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Heroes of 2017: Honoring those who didn’t run the other way

TOPOS TLATELOLCO
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Natural disasters, mass shootings and terrorism brought out the best in many this year.

It’s been a year of high drama, from the White House to North Korea to the flooded streets of Houston and Miami to the rubble-strewn avenues of Mexico City.

In spite of so many tragic events—or perhaps because of them—the world has heard the stories of a good number of heroes in 2017. Some of the worst natural disasters and mass shootings and some fatal terrorist attacks have brought out the best in people who have found themselves in difficult situations.

As we bid farewell to 2017, Aleteia would like to salute these heroes, knowing full well that there are many others who did not make the headlines.

JONATHAN SMITH. The deadliest mass shooting committed by an individual in the U.S. left 58 people dead and hundreds wounded at a country music festival in Las Vegas October 1. The suspect, Stephen Paddock, who opened fire from his suite in the Mandalay Bay hotel and resort, apparently died from a self-inflicted gunshot wound.

There were many acts of heroism reported from the crowd of 22,000 concertgoers. One of them, Jonathan Smith, is credited with saving about 30 lives, in spite of getting shot himself. He was at the festival to celebrate his brother’s 43rd birthday, and soon after the shooting began, he got separated from his family. During the melee, he did his best to get terrified people to safety. “Active shooter, active shooter, let’s go! We have to run,” he repeatedly shouted.

A few girls weren’t fully hidden. The copy machine repairman from Orange County, California, stood up and moved toward them to urge them to get on the ground. That’s when a bullet struck him in the neck.

Smith’s story was quickly shared on social media, leading many to call him a hero. He deflected the honor.

“I don’t see myself that way,” he told the Washington Post. “I would want someone to do the same for me. No one deserves to lose a life coming to a country festival.”

Smith believes an off-duty San Diego police officer saved his life. The officer came over and tried to stop the bleeding and then flagged down passing cars to try to get Smith a ride. By the time Smith got into a vehicle, he was struggling to breathe.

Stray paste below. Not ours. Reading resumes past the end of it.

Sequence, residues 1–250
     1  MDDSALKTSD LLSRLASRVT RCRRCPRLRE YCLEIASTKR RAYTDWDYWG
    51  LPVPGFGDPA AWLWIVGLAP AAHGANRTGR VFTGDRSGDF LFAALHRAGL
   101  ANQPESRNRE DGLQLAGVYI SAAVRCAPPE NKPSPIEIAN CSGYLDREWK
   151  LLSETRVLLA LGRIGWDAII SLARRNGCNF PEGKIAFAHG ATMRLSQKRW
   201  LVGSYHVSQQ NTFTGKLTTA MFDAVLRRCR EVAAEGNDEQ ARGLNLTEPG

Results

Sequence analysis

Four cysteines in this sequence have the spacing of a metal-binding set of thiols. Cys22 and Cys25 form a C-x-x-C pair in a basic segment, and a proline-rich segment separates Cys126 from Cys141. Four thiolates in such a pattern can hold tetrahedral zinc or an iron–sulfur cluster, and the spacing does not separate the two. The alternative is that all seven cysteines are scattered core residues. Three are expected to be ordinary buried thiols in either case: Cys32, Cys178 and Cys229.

Surgeons found it too risky to remove the bullet from his neck. Smith may have to live with it for the rest of his life.

STEPHEN WILLEFORD. When a gunman opened fire at the First Baptist Church in Sutherland Springs, Texas, November 5, Stephen Willeford, who lived nearby, didn’t run the other way.

“I kept hearing the shots, one after another, very rapid shots — just ‘pop pop pop pop,’ and I knew every one of those shots represented someone, that it was aimed at someone, that they weren’t just random shots,” an emotional Willeford, who knew many of the worshipers at the church, told KHBS.

Willeford, a former NRA instructor, got his rifle out of his safe, loaded a magazine and went toward the church. When he saw the gunman emerge from the small wood-frame building, the two exchanged gunfire. Devin Patrick Kelley, 26, who killed 26 people in the incident, was hit in the leg and the torso but got into his SUV and sped down the highway. Willeford and another resident gave chase and called 911, but Kelley’s vehicle hit a road sign and flipped over. He is believed to have committed suicide.

“I was scared to death,” Willeford said. “I’m not a hero. I think my God, my Lord protected me and gave me the skills to do what needed to be done,” he said.

His quick actions could have prevented further bloodshed in the small town.

RYAN NASH. NYPD Officer Ryan Nash was responding to a call from a school in lower Manhattan about a possible suicidal student when Sayfullo Saipov crashed his rented truck into a school bus nearby. Nash rushed outside and saw the Uzbek immigrant, who had just driven the truck down a bike path, killing eight cyclists and pedestrians Oct. 31. Saipov seemed to be brandishing two weapons and was shouting “Allahu Akbar.” Nash fired nine shots at Saipov, hitting him in the abdomen and bringing a stop to a terrorist attack in progress.

The weapons turned out to be a pellet gun and a paintball gun, but nobody knew that at the time.

“What he did was extraordinary,” said Mayor Bill de Blasio. Nash demurred, saying, “We were just doing our job, like thousands of officers do every day.”

Nash was a hero, but so was a civilian—unnamed in news reports—who had previously tried to tackle the suspect as he was getting out of the rented truck. After Saipov was shot, the civilian approached him and kicked the guns out of his hands.

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